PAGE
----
Jesko Hüttenhain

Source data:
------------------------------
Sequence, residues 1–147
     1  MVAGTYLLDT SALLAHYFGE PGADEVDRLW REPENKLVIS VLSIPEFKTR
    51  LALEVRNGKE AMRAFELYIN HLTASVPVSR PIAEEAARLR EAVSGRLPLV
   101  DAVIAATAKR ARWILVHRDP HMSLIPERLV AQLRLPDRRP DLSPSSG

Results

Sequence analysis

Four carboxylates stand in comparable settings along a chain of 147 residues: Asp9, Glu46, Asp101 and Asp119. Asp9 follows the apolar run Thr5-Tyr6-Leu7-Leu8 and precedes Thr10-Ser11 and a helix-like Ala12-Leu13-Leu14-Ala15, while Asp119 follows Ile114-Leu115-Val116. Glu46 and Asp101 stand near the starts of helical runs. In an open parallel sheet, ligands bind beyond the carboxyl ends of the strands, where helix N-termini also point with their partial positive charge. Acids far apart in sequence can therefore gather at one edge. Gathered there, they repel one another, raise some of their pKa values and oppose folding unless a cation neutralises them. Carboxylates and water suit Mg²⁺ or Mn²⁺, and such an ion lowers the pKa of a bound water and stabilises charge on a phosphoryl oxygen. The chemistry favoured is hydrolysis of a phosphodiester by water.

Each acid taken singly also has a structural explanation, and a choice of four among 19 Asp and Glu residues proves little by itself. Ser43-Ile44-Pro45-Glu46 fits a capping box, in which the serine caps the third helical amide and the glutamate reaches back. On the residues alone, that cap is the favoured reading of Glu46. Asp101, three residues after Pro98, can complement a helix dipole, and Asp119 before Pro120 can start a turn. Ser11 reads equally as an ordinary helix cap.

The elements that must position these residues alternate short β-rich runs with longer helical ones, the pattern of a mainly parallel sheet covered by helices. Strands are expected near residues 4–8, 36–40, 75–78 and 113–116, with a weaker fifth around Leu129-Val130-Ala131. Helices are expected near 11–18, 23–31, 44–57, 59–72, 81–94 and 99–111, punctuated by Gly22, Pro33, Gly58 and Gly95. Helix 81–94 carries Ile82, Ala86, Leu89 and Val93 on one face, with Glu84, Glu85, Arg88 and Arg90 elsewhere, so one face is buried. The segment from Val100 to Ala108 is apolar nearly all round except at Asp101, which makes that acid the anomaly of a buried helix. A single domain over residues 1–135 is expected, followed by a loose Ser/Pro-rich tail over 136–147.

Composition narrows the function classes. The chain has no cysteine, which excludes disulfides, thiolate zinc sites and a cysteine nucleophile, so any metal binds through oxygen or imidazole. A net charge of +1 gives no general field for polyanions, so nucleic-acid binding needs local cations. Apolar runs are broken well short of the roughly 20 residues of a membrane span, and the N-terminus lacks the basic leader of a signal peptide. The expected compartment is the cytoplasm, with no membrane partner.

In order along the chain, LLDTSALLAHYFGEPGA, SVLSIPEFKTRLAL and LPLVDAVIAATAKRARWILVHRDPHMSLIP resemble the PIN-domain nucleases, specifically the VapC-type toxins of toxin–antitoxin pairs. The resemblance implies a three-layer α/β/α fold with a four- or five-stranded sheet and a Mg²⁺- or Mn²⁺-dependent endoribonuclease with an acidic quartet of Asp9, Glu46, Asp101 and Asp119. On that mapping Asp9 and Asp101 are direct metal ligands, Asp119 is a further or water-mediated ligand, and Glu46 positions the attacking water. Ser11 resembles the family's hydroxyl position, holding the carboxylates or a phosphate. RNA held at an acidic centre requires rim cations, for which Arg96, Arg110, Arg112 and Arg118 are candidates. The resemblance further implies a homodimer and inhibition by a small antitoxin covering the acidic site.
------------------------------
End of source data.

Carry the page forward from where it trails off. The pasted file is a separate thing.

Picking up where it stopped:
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 Apr 18 comment Localization Preserves Euclidean Domains No, my first statement refers to $N$, not $N_S$. Then I make some hyopthetical statements that are supposed to help you define $N_S$. After all, if any $N_S$ exists, then a multiplicative one exists as well. In fact, assuming $N$ multiplicative you can define $N_S$ which is multiplicative right away. You wanted a hint only. If you want the full solution, read the spoiler. Apr 18 revised Localization Preserves Euclidean Domains added 557 characters in body Apr 18 answered Localization Preserves Euclidean Domains Apr 18 revised Hall subgroup property Markup / LaTeX fixed Apr 16 answered Blow-up and resolving a singularity Apr 16 comment Hypersurfaces have no embedded points (Vakil 5.5.I) It is of height one because it is principal and prime because it is the preimage of the prime ideal $P$. Apr 16 comment Understanding functions in $\mathbb{P}^1$ The divisor of this function is $[0:1]-[1:0]$, because it has a (single) zero at $[0:1]$ and a (single) pole at $[1:0]$, as you pointed out correctly. Apr 16 answered Hypersurfaces have no embedded points (Vakil 5.5.I) Apr 15 comment Intersection of hypersurfaces in the projective space This is true if you are thinking clasically, not scheme-theoretically. Let $\mathfrak m$ be the maximal ideal of your point $x$ and let $\mathfrak m^k = (f_1,\ldots,f_m)$. The $f_i$ are homogeneous of degree $k$ and each of them defines a hypersurface $Z_i$. Then, $Z_1\cap\cdots\cap Z_m=Z(f_1,\ldots,f_m)=Z(\mathfrak m^k)=Z(\mathfrak m)=\{x\}$. Apr 14 comment Maximum matchings in a bipartite graph But you said "$S$ is a set of vertices $S\subset X$". Apr 14 comment Maximum matchings in a bipartite graph This is precisely the Hall condition. Apr 13 comment the intersection of an empty family of sets; what's wrong with this proof? Your mistake is when you say "then $x\in A$ for some $A\in S$". There is no such $A$ if $S=\emptyset$. In fact, when $S$ is the empty set, then $\forall A\in S\colon x\in A$ is true for every set $x$. A good way to check for mistakes is by going through your proof and substituting $S$ for $\emptyset$ all the time and see what happens. Apr 13 comment Normal closure of $\mathbb{Q}(\sqrt{11+3\sqrt{13}})$ over $\mathbb{Q}$ To be frank, I used a computer algebra system simply to confirm my suspicion. But the general method is outlined on wikipedia. It's a bit tricky. Apr 13 answered Normal closure of $\mathbb{Q}(\sqrt{11+3\sqrt{13}})$ over $\mathbb{Q}$ Apr 13 answered Morphism whose fibers are finite and reduced is unramified Apr 13 revised Prove that the determinant of an invertible matrix $A$ is equal to $±1$ when all of the entries of $A$ and $A^{−1}$ are integers. LaTeX Apr 13 answered Prove that the determinant of an invertible matrix $A$ is equal to $±1$ when all of the entries of $A$ and $A^{−1}$ are integers. Apr 12 revised Finding the Dimension of a given space V added 13 characters in body Apr 12 revised Finding the Dimension of a given space V added 453 characters in body Apr 12 answered Finding the Dimension of a given space V